Text: H.Con.Res.318 — 110th Congress (2007-2008)All Information (Except Text)

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H. CON. RES. 318

Agreed to August 1, 2008


Begun and held at the City of Washington on Thursday,
the third day of January, two thousand and eight

      Whereas, in 2000, the United States, along with other world leaders, at the 55th United Nations General Assembly, committed to achieving the Millennium Development Goals which provide a framework for countries and international organizations to combat such global social ills as poverty, hunger, and disease;

      Whereas one target of the Millennium Development Goals is to halve by 2015 the proportion of people without access to safe drinking water and basic sanitation, the only target to be codified into United States law in the Senator Paul Simon Water for the Poor Act of 2005 (Public Law 109–121);

      Whereas the lack of access to safe water and sanitation is one of the most pressing environmental public health issues in the world;

      Whereas over 1,000,000,000 people live without potable water and an estimated 2,600,000,000 people do not have access to basic sanitation facilities, which includes 980,000,000 children;

      Whereas every 20 seconds a child dies as a direct result of a lack of access to basic sanitation facilities;

      Whereas only 36 percent of sub-Saharan Africa and 37 percent of South Asia have access to safe drinking water and sanitation, the lowest rates in the world;

      Whereas at any one time almost half of the developing world’s people are suffering from diseases associated with lack of water, sanitation, and hygiene;

      Whereas improved sanitation decreases the incidences of debilitating and deadly maladies such as cholera, intestinal worms, diarrhea, pneumonia, dysentery, and skin infections;

      Whereas sanitation is the foundation of health, dignity, and development;

      Whereas increased sanitation is fundamental for reaching all of the Millennium Development Goals;

      Whereas access to basic sanitation helps economic and social development in countries where poor sanitation is a major cause of lost work and school days because of illness;

      Whereas sanitation in schools enables children, particularly girls reaching puberty, to remain in the educational system;

      Whereas according to the World Health Organization, every dollar spent on proper sanitation by governments generates an average of $7 in economic benefit;

      Whereas improved disposal of human waste protects the quality of water sources used for drinking, preparation of food, agriculture, and bathing;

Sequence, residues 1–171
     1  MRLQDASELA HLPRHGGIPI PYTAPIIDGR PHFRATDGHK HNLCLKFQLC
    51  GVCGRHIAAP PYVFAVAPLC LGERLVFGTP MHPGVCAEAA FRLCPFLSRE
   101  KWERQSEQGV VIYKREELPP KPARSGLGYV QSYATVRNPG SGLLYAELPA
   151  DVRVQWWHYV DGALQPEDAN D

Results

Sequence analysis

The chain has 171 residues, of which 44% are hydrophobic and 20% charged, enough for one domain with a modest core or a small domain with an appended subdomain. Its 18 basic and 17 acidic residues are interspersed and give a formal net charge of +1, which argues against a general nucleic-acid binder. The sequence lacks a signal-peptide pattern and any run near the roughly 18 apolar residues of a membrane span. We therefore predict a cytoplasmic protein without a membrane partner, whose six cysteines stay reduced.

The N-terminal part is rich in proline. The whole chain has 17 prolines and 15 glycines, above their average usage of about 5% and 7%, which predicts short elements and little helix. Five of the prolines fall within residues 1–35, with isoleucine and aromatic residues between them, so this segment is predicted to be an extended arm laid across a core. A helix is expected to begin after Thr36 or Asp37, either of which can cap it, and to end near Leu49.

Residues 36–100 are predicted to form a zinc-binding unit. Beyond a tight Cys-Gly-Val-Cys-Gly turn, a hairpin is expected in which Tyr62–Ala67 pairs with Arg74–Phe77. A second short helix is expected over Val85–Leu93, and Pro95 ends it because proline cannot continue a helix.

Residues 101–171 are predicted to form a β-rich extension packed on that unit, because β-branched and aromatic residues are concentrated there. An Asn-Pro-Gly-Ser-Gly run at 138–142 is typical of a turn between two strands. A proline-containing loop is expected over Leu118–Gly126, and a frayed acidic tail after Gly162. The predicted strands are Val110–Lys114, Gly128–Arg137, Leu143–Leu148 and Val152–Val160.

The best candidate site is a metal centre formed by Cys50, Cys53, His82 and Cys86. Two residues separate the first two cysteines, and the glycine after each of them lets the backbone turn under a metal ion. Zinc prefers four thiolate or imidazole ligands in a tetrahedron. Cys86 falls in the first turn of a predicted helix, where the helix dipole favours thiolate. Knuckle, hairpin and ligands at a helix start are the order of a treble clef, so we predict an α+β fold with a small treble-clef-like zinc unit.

Whereas, in 2006, the United Nations, at the 61st Session of the General Assembly, declared 2008 as the International Year of Sanitation to recognize the progress made in achieving the global sanitation target detailed in the Millennium Development Goals, as well as to call upon all Member States, United Nations agencies, regional and international organizations, civil society organizations, and other relevant stakeholders to renew their commitment to attaining that target;

      Whereas the official launching of the International Year of Sanitation at the United Nations was on November 21, 2007; and

      Whereas the thrust of the International Year of Sanitation has three parts, including—

      (1) raising awareness of the importance of sanitation and its impact on reaching other Millennium Development Goals;

      (2) encouraging governments and their partners to promote and implement policies and actions for meeting the sanitation target; and

      (3) mobilizing communities, particularly women’s groups, towards changing sanitation and hygiene practices through sanitation health education campaigns: Now, therefore, be it

    Resolved by the House of Representatives (the Senate concurring), That the Congress—

    (1) supports the goals and ideals of the International Year of Sanitation;

    (2) recognizes the importance of sanitation on public health, poverty reduction, economic and social development, and the environment; and

    (3) encourages the people of the United States to observe the International Year of Sanitation with appropriate recognition, ceremonies, activities, and programs to demonstrate the importance of sanitation and hygiene in achieving the Millennium Development Goals, and to support developing countries in their efforts to achieve the Millennium Development Goal target on basic sanitation among populations at greatest need.


    Clerk of the House of Representatives.  


    Secretary of the Senate.  

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